By Toby Tobin
The Housing Element Section of Palm Coast’s Comprehensive Plan says, “Citizens of all income levels shall have the opportunity to obtain quality housing at a reasonable cost.”
Further, it Finds: “The cornerstone of a City’s quality of life is its housing stock. Citizens of all income levels desire safe, secure, good quality housing at a reasonable cost.” And “the public sector plays a role in helping to ensure that the housing needs of all citizens are met by attempting to balance the cost of housing with the income levels of available jobs in the community.” The affordability goal remains unfulfilled.
A Palm Coast family with the city’s median household income of $51,208 (US Census Bureau) can afford a monthly housing budget (rent or mortgage, taxes, insurance) of $1,280 (at 30 percent of earnings). Flagler County’s median income is $51,049, carrying with it a maximum monthly housing budget of $1,276. That means that half of the local population cannot afford a $200,000 home. Yet:
- The median selling price for a single-family home (2019 year-to-date) in Flagler County is $241,500, affordable only for those earning more than 38 percent above the county median household income.
- Only 31.3 percent of homes sold countywide were within reach of those with a median household income. In the city, the percentage of affordable homes rises to 36.8 percent.
- Of nearly 900 county homes listed for sale by MLS, only 12.3 percent have a listing price below $200,000. By the same standard, only 16.4 percent of Palm Coast homes are affordable.
Two sides of affordable housing
Most people conflate the two sides of affordable housing. On one side is the very difficult and seemingly intractable issue of housing for those that are, or should be, in the social welfare system; the homeless, the mentally ill, the disabled, the indigent, those simply down on their luck, etc.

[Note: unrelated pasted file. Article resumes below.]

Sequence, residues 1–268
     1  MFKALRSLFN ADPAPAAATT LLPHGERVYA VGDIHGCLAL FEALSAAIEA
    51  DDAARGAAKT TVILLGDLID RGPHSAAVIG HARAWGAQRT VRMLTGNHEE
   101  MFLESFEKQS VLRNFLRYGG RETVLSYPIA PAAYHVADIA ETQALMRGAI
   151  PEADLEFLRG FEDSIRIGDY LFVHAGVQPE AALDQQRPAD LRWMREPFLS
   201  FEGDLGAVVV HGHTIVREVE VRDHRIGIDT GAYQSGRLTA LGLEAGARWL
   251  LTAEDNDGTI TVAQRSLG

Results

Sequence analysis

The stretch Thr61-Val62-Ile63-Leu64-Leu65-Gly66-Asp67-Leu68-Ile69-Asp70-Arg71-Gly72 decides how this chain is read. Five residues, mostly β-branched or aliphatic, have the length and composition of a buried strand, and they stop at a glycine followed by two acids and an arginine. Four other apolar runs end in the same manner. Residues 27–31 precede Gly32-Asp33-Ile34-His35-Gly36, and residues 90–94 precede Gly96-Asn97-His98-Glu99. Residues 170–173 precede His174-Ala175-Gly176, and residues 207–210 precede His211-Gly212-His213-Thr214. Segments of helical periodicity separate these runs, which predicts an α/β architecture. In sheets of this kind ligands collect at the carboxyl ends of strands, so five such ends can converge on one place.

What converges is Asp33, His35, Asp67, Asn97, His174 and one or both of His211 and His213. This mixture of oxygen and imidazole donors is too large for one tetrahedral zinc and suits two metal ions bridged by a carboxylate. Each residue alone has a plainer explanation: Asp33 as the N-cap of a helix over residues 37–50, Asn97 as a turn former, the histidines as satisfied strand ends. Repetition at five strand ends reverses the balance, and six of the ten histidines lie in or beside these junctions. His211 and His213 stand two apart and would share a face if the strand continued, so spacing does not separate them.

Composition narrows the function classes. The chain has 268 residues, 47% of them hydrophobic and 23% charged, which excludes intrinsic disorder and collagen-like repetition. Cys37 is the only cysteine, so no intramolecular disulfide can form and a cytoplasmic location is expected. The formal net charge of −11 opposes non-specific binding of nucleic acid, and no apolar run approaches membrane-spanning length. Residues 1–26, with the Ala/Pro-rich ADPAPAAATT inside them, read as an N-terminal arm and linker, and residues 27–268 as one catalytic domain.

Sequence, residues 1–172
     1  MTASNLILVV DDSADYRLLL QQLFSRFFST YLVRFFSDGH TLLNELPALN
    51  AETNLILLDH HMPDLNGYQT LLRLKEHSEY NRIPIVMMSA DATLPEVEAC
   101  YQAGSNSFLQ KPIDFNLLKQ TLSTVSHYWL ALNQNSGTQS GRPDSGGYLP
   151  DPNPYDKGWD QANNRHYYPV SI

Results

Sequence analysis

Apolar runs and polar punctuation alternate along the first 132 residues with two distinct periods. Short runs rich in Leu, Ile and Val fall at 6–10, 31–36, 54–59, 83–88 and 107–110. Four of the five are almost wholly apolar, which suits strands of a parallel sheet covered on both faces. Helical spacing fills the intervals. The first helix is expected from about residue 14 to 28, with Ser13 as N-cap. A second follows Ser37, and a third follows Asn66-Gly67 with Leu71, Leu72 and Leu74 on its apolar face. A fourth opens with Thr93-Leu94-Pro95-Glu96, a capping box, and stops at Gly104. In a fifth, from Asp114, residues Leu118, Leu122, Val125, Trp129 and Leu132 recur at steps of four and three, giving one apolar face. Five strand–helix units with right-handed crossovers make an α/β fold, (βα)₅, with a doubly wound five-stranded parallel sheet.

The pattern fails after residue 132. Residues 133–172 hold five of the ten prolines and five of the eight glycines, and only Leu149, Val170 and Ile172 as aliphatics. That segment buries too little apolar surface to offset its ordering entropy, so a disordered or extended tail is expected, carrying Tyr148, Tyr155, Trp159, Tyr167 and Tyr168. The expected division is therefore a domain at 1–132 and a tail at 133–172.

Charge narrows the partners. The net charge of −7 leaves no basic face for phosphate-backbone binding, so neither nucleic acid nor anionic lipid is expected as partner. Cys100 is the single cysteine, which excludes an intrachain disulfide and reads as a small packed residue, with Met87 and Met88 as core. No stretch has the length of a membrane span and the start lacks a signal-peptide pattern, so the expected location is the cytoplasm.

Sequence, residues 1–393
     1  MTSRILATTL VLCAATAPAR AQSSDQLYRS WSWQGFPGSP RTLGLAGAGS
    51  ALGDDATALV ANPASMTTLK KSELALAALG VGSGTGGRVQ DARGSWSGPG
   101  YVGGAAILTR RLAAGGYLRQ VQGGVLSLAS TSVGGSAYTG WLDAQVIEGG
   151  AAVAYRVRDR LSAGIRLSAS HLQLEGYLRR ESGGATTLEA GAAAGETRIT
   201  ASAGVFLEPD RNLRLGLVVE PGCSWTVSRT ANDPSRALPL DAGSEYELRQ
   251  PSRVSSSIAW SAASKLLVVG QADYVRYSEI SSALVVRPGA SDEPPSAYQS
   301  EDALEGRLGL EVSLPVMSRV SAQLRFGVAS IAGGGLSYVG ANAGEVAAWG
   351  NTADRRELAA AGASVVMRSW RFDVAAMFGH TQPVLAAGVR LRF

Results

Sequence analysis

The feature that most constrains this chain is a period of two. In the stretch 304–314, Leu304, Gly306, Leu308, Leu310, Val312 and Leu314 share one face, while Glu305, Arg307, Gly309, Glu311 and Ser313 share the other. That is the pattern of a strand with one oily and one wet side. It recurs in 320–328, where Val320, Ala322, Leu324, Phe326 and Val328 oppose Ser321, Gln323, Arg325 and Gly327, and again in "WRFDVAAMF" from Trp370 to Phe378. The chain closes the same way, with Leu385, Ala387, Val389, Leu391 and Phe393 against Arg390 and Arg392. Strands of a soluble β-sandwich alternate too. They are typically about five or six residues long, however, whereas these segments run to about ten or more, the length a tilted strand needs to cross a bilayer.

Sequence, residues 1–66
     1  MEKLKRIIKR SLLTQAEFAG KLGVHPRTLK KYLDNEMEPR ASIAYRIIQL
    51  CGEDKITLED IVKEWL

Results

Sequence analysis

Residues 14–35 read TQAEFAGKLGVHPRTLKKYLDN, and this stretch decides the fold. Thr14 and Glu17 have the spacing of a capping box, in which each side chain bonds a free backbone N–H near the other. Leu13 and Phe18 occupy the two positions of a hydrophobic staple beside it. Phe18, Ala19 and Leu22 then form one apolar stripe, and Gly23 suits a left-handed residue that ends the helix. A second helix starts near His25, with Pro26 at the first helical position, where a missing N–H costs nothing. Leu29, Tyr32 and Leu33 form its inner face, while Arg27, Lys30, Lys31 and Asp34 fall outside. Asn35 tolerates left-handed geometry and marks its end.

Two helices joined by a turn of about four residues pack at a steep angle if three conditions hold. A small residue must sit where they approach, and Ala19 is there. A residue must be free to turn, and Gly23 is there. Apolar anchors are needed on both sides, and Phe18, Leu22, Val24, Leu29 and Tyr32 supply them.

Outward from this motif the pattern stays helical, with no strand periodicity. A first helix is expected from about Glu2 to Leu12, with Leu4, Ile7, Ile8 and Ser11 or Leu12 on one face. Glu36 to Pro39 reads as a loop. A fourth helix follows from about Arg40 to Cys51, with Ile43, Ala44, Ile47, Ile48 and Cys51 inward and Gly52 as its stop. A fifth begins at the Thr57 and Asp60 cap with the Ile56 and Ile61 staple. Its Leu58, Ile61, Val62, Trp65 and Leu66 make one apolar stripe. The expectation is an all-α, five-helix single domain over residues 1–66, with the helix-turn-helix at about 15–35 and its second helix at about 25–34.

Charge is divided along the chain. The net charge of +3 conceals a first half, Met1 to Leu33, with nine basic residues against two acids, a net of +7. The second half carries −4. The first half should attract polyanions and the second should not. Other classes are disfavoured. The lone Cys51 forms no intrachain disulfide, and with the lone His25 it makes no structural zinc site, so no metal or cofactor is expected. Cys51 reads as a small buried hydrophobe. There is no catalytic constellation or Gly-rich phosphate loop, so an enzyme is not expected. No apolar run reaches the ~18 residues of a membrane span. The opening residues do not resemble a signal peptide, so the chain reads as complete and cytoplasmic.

This commentary addresses the second side of affordable housing, dealing with the segment of society that is employed or employable. Simply put, the housing stock in Flagler County and Palm Coast is inadequate to suit the needs of the bottom half of the earnings ladder.
To have a meaningful discussion about affordable housing, one must understand its two sides. Whether I call it affordable housing, workforce housing, or entry-level housing, nearly everyone reflexively jumps to the conclusion that I’m talking about the social welfare side of affordable housing. They dig their heels in, citing the dark side of Section 8 housing and using euphemisms like “those kinds of people.”
The Flagler County School District is the county’s largest public sector employer. The starting pay for Flagler County teachers and first responders is roughly the same; under $40,000 per year, well below the median household income. Their maximum monthly housing budget is about $945 (30 percent of earnings). Their house hunting is limited to homes selling for no more than $150,000, or only 4.5 percent of the homes sold year-to-date and only 1.2 percent of all county homes listed for sale. There is only one Palm Coast home currently listed below $150,000.
The rental side is similarly bleak. MLS lists a total of 95 homes, duplexes, apartments and condos available as long-term rentals. Only two are listed for $950 or less. Only 24 meet the budget of the median household income family. The median rent is $1,450.
The lack of available housing options hinders efforts to recruit employee. Our largest private sector employer is our growing hospital. Entry-level healthcare workers face the same housing affordability dilemma as teachers and first responders. Hospitality, service, and retail workers, at the heart of our county’s economy, are even more challenged. Housing stock is one of the criteria evaluated by companies contemplating a move to our location.
An exhibit at the National Building Museum, based on data from Fannie Mae, reveals that nuclear families account for only 20 percent of American households, down from 43 percent in 1950. Singles, living alone, account for nearly 30 percent of today’s households. U.S. housing has not kept up with these trends.
Can we build a $150,000 home in Palm Coast?
Palm Coast has roughly 15,000 undeveloped (but buildable) 10,000 SF lots which can be purchased for a median price of $20,500. This is less than half of what a developer will pay to develop a community of lots from raw land, but I’ll talk about that later.
Assume the minimum-sized single-family residential home allowed in Palm Coast; 1,200 living square feet with a two-car attached garage. In the list of costs below, all but a small percentage of the permit and inspection fees are fixed.